"Programming Python" still worthwhile?

Rick Robino see-sig at wavedivision.com
Thu Jun 10 01:12:18 CEST 1999


Fredrik Lundh <fredrik at pythonware.com> wrote:
> Rick Robino <see-sig at wavedivision.com> wrote:
>> I've been watching this group for some time and just now getting warm to
>> Python. Looking at source examples has been great, but for completeness'
>> sake I'd like to get more of the "why" maybe found in a book.

> Programming Python was written to given you the "why";
> it's as much about the process of programming (and how
> python affects that), as about the python language itself.
> and most of it will work just fine with 1.6.  you'll find the
> necessary updates (up until 1.5.2) at:

> http://home.rmi.net/~lutz/

Sounds like I'll have to check this out no matter what, but I can
borrow it. I appreciate the confirmation of its currency.

> also note that Programming Python is *not* a tutorial
> (though you'll find one in an appendix), and it's *not*
> a reference manual.  many PP critics seems to have
> missed that.

> but you may find Learning Python a better choice,
> though.  see below.

A tutorial would be Ok, if (like the amazon description says) it's
a self guided one and doesn't stop at simple arrays at the end of
the book. All the posters to this thread seem to be quite happy 
with Learning Python, so I will certainly get it.

>> Since Python is at 1.5.2 and people are talking about 2.0
>> as if it's around the corner.

> it's not.  forget everything you've ever heard about it.
> it only exists as a few ideas in Guido's head, and he's
> about to embark on a "programming for the masses"
> project, so those ideas are likely to change...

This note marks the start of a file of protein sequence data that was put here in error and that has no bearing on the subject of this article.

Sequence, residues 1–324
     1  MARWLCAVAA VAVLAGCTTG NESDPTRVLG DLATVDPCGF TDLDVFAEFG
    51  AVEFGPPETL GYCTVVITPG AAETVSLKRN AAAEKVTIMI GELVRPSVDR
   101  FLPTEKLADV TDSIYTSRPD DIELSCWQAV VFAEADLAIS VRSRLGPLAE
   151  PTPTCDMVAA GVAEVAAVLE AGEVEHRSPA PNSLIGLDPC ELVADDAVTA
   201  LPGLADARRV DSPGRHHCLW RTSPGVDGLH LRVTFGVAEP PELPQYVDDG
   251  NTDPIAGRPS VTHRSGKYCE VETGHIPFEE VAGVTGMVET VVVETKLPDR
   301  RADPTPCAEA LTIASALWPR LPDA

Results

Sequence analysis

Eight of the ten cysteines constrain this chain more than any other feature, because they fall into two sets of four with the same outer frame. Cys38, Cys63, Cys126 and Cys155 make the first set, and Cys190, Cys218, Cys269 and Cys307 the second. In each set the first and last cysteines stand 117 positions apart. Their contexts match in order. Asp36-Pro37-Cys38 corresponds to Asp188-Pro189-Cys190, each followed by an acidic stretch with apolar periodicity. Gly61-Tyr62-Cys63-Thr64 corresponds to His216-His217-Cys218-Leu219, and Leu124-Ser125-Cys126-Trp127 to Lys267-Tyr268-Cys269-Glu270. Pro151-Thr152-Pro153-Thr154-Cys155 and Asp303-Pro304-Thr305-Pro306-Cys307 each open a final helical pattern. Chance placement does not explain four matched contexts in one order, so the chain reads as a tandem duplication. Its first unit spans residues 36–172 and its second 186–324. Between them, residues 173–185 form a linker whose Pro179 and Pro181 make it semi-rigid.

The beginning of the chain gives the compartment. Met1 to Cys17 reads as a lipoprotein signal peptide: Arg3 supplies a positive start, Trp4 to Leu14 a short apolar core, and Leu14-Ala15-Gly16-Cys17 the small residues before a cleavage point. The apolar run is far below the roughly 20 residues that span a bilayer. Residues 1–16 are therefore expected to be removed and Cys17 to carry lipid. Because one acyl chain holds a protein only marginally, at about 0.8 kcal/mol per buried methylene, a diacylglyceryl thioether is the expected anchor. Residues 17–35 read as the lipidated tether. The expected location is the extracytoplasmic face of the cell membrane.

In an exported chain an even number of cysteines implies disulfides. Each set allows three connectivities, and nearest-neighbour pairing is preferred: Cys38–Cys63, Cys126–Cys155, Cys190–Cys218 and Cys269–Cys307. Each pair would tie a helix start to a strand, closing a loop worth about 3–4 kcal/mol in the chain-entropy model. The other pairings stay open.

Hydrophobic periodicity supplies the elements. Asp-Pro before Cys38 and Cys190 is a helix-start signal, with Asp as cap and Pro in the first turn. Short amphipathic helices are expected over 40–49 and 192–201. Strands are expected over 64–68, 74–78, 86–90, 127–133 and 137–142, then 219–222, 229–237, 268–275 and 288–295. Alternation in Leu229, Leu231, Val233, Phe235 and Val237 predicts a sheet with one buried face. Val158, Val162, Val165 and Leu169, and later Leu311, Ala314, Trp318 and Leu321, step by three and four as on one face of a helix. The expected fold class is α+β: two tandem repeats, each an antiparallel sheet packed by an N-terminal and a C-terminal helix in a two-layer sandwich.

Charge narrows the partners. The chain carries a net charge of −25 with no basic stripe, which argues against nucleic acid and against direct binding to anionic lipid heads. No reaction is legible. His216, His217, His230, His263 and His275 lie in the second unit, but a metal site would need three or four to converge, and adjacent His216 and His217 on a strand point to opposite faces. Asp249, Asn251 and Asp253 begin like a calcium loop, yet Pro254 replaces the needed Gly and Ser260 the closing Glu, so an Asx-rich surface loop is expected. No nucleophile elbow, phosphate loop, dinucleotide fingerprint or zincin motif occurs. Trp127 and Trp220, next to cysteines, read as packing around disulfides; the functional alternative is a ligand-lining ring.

> next stop is 1.6.

> probably early next year, or so. expect unicode, a
> more modular interpreter, string methods, and pro-
> bably lots of changes under the hood.  hardly any
> major changes on the surface.

> if I'd were you, I'd stop worrying about the future,
> and learn to love what Python can offer you today!

I will. I just don't know how many times I've bought books
about a week before O'Reilly makes a press release about
the next edition (sendmail, esa, et al.) And then again,
I have books for some things that are too new to be much
use outside of experimentation because the product hasn't
penetrated yet (eg., ksh93). This time I thought I would
break down and ask ;)

> (btw, there are LOTS of books coming out now, so
> changing Python in a way that renders them useless
> would be very, very stupid...  and if Guido suddenly
> loses his mind, I can guarantee that others will step
> in and maintain the 1.X series for another 30 years
> or so...)

>> I was wondering if anyone here could give me some advice as to whether or
>> not "Programming Python" is useful, if the current edition is still
>> current, if I should wait for the "Learning Python", or if I should use
>> some other resources.

> Learning Python is available, since long.  if you're a new-
> comer to python, it's by far your best choice.

> the five-star rating at amazon isn't there by accident...

> btw, If you're going to buy it via amazon, consider
> supporting the Python Software Association:

> http://www.python.org/psa/bookstore/

"Your order has been submitted. Thank you for shopping at Amazon.com."

Done via the PSA link, filled out the survey too - cost was $23.99 plus
shipping ($6.00 + $1.95). Not too bad.

> (and this concludes my weekly broadcast to c.l.py ;-)

Thanks to everyone who replied. One of the reasons python appeals to
me are the people in this group. Even when they disagree its _so_
civil! And always intelligent.

Cheers all,

--Rick 
                                ^^^^^^^^^^^^^^
Rick Robino                                  rrobino [at] wavedivision.com




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